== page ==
Whole lotta Sourdough Pumpkin Challah / Pan de Calabaza

Nothing goes together at Sukkos time like fresh-picked PUMPKIN and challah dough!

We didn’t actually pick the pumpkins ourselves, but did pick them UP (and pick them OUT) at the place we went for apple picking.  So it’s sort of the same thing…

I have vowed never to peel another raw squash again, because it’s so blissfully EASY to just cut them in half, pop them in an oiled pan face-down, and roast them at 300° until it’s soft enough to poke.  You can actually roast them at almost any temperature.  400° works just as well but quicker… but just look what this Australian baking blog says about LOWER temperatures:

We roast the pumpkin in our wood-fired oven at a low heat (50C to 100C) for 24 - 36 hours. At the low temperatures the pumpkin malts, which firms and helps keep the pumpkin from falling apart in the dough.

Yummy!  (one of the kids said they thought the pumpkin would MUMMIFY in the heat, which it sort of sounds like it does… “malting” being another word for the mummification process)

Anyway, with my sourdough being up and about for the first time since January (gasp!), I decided to risk everything and toss that amazing fresh-roasted pumpkin into a sourdough challah.  I used Maggie Glezer’s Pan de Calabazas recipe from A Blessing of Bread, but I substituted 180g of my firm starter for all the yeast and some of the flour and water – using my sourdough spreadsheet to do all those tricky calculations, of course!


Here we go, step by step…

The night before, mixing it all together.  Forgot to slurry it like she does in the recipe, but it all seemed to come together okay anyway, once I had compensated for a criminally evil version of the recipe that I found online (the book went  missing) which listed the wrong quantity of flour… and I was so tired that I didn’t realize and thought 7 oz might just equal 3.5 cups.  (nope!) 

Anyway, it worked out fine once we found the recipe (thanks Amazon Look Inside - p. 178 in case you’re peeking!) and got the right quantity of flour from there… at which point, Ted came upstairs with the actual book, which he’d found stuffed backwards onto a basement bookshelf.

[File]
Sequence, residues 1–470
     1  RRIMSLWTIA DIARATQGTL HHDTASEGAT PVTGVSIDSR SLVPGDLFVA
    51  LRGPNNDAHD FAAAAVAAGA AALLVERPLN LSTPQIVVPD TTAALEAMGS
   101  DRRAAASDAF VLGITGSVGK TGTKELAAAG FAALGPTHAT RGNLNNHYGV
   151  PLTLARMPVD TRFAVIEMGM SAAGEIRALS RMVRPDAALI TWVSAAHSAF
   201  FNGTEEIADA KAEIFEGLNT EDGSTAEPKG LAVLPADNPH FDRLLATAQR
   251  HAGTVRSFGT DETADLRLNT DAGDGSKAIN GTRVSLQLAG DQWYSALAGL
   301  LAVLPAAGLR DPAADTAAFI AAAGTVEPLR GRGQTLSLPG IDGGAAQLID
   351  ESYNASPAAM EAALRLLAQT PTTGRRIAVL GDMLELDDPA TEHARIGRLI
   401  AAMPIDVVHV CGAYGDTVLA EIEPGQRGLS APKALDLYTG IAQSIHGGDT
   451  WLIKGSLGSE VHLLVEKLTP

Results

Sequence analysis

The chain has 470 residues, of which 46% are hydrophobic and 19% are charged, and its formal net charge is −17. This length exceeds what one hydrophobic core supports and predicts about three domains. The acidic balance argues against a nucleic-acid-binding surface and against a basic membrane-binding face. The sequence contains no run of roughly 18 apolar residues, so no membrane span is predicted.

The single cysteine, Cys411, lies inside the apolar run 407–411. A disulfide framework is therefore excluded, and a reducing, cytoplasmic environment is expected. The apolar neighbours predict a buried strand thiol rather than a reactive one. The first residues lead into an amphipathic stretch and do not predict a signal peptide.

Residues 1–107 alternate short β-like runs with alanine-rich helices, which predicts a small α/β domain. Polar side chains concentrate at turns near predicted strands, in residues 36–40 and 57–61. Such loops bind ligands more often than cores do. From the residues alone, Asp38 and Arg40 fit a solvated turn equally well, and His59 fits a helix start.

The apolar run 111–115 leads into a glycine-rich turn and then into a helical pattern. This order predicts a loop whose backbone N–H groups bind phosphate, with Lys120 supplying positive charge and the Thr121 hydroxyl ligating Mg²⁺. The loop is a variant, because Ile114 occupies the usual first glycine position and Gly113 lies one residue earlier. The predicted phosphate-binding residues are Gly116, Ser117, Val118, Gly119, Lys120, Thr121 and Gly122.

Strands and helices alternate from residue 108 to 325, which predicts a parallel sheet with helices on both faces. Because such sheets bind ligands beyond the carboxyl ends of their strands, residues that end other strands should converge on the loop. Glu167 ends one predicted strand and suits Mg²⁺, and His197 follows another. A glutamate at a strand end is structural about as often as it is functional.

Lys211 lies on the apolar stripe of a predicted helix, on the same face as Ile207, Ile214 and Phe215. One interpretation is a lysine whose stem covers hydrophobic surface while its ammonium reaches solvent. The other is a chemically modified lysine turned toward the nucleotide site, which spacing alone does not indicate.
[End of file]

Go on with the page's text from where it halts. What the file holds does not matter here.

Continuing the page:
So here’s the dough:


(whoops – forgot the egg… but it only calls for one, and I don’t like eggy challah, so I wasn’t all that worried)

Fast-forward to mid-day the next day (erev Yom Tov), when I rolled it out.  I wanted to make the sourdough Calabaza loaves look special both so I could tell them apart and because – hey, they really ARE special.


Braid the super-long snakes into a super-long braid.


And coil up the braids to make a round challah!


I also made three “plain” pumpkin challahs.  I used the rest of the fresh-roasted pumpkin, but stuck it into my regular Reliable Challah recipe.  Sadly, I also cut back on the sugar in that recipe, thinking the pumpkin would make it sweet – it kind of didn’t.

I made the “plain” loaves into regular snail challahs:


All the challahs were smaller than I like to make them, which is a nice even 675g (1.5lb).  I knew I needed six loaves for all the meals that were coming, and couldn’t whip up another batch of challah at the last minutes. 

I seem to recall that the braided round sourdough loaves were around 610g, and the regular ones were even smaller – maybe 575g?  TOO small –almost everybody passing through over yom tov commented that they would have liked more challah.  Blah… I hate when that happens.

I baked the regular, yeast-risen challahs first and then, perhaps an hour later, baked the sourdough.  They really rose very quickly and had just exactly the right amount of puffiness. 

The flavour was nice:   not noticeably sourdough, but I was NOT disappointed.  We stuck the ones for Shabbos into the freezer, so I couldn’t check the keeping power of the sourdough vs the regular over their 3-day lifetime.  Every scrap of challah was gone by the time we made havdalah.

Oh - for once in my life, I actually managed to take a picture of the finished challahs before yom tov started!  You can see that I painted the sourdough challahs with extra egg – they were super-glossy.  Elisheva and Naomi begged me not to streusel the challahs – Naomi because she doesn’t like streusel and Elisheva, apparently, because it obscures the beauty of the challah… or maybe she just doesn’t like it.  I was in a hurry, so for once, I listened to them.


On the right in the picture, you can see two more of the yom tov desserts – S’mores Cookie Bars and Almond Biscotti (aka Mandelbroit).

Mmm again… this was GOOD eatin’!


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